KwaZulu Natal’s Drakensberg National Park is overwhelmed by the barbed peaks of the powerful Drakensberg mountain ranges. One of South Africa’s 8 World Heritage Sites, the Drakensberg National Park is around 250 000 hectares, beginning in the north of the area at Cathedral Peak and bending southwards, sticking to the Lesotho fringe, right to Bushman’s Nek. Referred to by the Zulu’s as uKhahlamba which signifies ‘Boundary of Spears’ in Zulu and as Drakensberg or Dragon Mountain by the Dutch pilgrims, KwaZulu Natal’s Drakensberg mountains are one of South Africa’s generally sensational and lovely characteristic scenes.
With the artefacts found in the park, it is clear that individuals have been living in the Drakensberg area from the Middle Stone Age till now; it is the sufficient instances of San rock workmanship that have been best archived. Guests to the National Park can go for guided strolls up to one of the numerous caverns or rock over-hangs to see instances of these Later Stone Age individuals’ craft. A portion of the fine art goes back to more than 1500 years prior while different models are ‘more up to date’ portraying bull wagons and men with rifles and dairy cattle that have been gone back to around 800 years prior. The biggest assortment of these artistic creations is in the Ndedema Gorge that has around 4 000 canvases alone.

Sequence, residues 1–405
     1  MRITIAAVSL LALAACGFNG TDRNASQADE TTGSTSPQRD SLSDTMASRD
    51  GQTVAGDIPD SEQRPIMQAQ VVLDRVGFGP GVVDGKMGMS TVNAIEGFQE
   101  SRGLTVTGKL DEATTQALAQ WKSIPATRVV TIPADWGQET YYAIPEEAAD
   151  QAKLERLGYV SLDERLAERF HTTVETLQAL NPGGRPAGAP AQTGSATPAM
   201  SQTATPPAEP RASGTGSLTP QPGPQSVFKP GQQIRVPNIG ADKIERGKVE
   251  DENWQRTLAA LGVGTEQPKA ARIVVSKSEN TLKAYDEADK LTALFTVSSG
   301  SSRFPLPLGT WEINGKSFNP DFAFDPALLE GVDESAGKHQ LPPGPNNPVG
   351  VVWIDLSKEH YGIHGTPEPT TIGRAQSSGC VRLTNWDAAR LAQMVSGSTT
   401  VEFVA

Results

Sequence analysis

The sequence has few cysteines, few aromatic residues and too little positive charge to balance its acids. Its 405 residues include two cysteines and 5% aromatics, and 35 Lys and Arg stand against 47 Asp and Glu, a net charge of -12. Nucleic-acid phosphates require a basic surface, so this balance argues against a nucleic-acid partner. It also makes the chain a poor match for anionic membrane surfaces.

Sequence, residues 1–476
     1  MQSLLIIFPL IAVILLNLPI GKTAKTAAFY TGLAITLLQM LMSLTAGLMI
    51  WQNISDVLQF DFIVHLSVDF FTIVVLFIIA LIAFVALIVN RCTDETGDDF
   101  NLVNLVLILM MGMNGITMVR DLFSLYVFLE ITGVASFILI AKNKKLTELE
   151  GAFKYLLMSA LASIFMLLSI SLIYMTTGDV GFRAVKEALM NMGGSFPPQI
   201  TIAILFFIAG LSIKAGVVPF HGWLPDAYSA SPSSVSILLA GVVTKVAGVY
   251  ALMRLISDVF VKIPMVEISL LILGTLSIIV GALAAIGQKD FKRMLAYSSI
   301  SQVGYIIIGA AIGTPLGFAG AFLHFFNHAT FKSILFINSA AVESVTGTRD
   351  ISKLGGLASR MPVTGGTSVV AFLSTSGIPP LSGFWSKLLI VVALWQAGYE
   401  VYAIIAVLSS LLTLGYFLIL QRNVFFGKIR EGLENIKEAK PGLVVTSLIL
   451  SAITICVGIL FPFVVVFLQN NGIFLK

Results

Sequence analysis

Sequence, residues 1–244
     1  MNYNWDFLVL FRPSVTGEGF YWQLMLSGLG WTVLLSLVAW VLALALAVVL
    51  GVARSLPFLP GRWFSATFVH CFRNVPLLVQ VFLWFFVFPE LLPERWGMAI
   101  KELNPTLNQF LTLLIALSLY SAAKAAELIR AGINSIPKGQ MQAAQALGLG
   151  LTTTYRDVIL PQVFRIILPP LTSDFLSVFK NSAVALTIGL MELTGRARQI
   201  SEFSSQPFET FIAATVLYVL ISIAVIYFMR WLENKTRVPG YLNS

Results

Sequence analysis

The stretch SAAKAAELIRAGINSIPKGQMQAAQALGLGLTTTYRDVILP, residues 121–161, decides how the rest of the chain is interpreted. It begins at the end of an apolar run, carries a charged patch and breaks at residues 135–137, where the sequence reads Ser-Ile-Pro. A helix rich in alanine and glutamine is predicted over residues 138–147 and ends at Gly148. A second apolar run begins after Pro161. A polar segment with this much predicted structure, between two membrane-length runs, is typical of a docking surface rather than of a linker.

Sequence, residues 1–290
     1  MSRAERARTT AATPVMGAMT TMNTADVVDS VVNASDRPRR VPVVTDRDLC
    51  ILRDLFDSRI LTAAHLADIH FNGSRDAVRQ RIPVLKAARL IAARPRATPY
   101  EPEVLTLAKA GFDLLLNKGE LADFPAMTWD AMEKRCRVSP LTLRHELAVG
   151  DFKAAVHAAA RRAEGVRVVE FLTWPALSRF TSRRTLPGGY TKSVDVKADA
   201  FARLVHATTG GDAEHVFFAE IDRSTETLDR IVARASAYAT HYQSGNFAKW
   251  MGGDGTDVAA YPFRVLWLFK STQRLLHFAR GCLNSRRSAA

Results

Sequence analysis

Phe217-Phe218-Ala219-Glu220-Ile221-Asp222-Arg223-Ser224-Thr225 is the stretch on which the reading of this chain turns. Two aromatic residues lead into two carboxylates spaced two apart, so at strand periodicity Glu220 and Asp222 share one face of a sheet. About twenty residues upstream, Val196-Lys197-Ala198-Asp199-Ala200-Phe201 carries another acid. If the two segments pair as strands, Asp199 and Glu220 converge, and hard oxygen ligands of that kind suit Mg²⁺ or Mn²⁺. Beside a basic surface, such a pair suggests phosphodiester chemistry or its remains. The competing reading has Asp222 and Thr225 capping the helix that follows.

The 35 000 to 40 000 instances of bushmen art found in the caves of the national park recount to the tale of the San bushmen living calmly and in concordance with their condition. Unfortunately the appearance of the Nguni dairy cattle ranchers and in later years, the white pioneers saw this serene concurrence being decimated as the new white occupants chased the wild game in the region and the San’s food resources became limited.
When visiting the Okhahlamba or Drakensberg region, you have the chance to remember and encounter the famous battles in South Africa. You surely end up in where the most captivating recorded occasions in SA occurred. This is the place Piet Retief and 1000 Voortrekkers crossed the forceful Drakensberg Mountains, and phenomenally plunged slippery inclines with all their natural belongings in rose bull wagons. Showdowns with Zulu impi’s along the Bushman’s stream, and the harsh encounters at Bloukrans, Weenan and Moordkuil, where the Afrikaaner country was confronted with elimination, are nevertheless a couple of the hardships they endured on their hazardous trek.